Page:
SOUTHAVEN, Miss. — The coronavirus pandemic has created more demand for the services of a Southaven small engine repair business.
Since more people are home now, more are doing their own lawn work but finding that their mower or weed-eater that hasn’t seen daylight in a while might be suffering from neglect.
“Grass is not going to stop growing, leaves not gonna stop falling,” said Larry Brister, co-owner of LB Small Engine Repair on Goodman Road.
Brister said business has more than doubled during the pandemic.
“Because a lot of people been laid off or working from home, so they got a lot more free time, so they’re spending more time in the yard working, doing stuff they normally don’t do, where landscapers did it for them,” Brister said.
Now he’s just about out of space for anything and everything that’s gasoline-powered and in need of repair.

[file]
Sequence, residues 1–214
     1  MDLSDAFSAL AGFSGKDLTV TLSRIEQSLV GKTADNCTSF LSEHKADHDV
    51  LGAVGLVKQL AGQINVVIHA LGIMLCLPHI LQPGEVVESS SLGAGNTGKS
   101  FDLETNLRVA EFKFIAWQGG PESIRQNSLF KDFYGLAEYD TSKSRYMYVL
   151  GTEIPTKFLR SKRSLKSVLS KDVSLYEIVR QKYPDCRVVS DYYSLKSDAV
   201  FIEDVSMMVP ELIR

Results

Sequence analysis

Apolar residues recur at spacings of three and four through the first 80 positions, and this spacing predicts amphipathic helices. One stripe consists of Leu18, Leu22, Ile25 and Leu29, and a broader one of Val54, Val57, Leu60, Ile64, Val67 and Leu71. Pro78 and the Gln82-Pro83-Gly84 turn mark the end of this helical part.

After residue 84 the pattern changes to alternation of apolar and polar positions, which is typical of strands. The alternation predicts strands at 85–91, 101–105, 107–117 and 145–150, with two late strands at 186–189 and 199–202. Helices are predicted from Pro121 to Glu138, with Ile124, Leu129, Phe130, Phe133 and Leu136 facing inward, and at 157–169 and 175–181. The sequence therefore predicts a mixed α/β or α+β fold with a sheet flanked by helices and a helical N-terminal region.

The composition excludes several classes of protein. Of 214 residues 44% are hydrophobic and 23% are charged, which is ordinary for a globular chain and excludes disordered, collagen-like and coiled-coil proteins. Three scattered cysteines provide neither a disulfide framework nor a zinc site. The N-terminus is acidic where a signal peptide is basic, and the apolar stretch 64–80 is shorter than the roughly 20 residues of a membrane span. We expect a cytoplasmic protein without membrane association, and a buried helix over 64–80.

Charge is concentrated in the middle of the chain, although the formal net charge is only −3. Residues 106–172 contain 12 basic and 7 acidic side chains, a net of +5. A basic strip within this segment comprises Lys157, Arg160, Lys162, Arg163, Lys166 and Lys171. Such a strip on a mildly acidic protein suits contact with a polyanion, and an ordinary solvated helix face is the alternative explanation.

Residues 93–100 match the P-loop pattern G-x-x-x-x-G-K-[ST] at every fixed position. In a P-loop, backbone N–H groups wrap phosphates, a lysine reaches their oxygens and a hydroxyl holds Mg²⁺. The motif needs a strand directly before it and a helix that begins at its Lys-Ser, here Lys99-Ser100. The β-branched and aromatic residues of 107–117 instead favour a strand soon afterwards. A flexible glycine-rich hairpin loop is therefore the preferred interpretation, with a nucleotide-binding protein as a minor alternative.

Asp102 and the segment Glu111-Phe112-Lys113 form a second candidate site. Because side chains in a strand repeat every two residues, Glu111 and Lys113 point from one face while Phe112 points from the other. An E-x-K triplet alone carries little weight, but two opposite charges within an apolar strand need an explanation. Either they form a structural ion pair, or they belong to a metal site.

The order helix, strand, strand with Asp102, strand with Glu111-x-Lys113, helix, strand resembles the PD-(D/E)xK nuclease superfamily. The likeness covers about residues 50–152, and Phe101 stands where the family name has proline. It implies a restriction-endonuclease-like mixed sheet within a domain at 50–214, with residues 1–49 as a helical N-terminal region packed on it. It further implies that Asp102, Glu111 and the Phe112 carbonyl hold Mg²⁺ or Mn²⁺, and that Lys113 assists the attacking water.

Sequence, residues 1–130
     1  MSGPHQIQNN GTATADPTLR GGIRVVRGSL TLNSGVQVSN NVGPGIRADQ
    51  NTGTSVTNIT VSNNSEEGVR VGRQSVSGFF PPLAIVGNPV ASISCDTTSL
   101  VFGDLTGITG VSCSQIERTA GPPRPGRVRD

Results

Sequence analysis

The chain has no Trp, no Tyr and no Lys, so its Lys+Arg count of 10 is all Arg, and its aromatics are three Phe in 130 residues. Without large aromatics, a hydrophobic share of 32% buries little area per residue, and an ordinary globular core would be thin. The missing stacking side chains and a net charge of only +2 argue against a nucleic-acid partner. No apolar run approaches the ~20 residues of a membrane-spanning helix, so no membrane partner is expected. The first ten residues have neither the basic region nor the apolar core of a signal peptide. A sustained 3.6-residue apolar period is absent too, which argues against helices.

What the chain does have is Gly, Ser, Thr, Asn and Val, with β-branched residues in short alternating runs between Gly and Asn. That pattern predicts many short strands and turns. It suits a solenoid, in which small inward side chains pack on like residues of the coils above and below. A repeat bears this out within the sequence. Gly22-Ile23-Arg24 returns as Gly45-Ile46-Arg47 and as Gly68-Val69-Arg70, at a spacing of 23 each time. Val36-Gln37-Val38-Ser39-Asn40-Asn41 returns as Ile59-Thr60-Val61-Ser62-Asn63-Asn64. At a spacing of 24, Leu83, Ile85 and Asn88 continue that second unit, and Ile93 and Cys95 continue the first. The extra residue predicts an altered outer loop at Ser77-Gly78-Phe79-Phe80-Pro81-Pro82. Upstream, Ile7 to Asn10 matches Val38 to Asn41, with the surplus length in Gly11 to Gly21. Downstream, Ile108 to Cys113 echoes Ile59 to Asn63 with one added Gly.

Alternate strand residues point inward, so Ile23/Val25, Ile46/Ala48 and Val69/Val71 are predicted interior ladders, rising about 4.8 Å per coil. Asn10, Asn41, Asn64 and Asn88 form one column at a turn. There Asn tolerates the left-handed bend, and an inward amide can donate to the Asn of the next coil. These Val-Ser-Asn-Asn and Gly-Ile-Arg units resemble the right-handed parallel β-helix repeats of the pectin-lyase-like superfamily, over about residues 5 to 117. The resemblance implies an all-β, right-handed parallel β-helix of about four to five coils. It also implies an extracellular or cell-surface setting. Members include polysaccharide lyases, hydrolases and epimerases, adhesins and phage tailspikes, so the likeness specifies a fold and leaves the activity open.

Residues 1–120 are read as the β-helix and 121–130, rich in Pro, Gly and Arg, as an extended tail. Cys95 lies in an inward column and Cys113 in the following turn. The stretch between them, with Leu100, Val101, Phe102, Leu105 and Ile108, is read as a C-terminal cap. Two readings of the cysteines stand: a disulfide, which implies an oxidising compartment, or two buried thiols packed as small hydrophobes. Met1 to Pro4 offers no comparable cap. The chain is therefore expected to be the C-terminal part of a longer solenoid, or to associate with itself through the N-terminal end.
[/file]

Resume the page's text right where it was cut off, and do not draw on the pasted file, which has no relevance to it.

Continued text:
It can take a tune-up or a new carburetor to get them running again, but most people are shocked to hear just how long they might have to go without their yard machines.
“A lot of people will call and like, ‘Oh, five weeks?’ but them some people are like, ‘Oh well, it’s just gonna sit at the house, so I might as well bring it in anyway,'” employee Jon Jaynes said.
When the fitness center where Jaynes worked closed in March, he got hired on at the repair shop, but never expected the demand for repairs to be so overwhelming.
“A lot of people are working their yards, and I guess that’s why people keep coming in,” Jaynes said. “I never knew that the lawn mowing business was so good—I mean, it’s real busy.”
Brister said if you’re planning on storing your mower during the offseason, you should always drain the gasoline tank.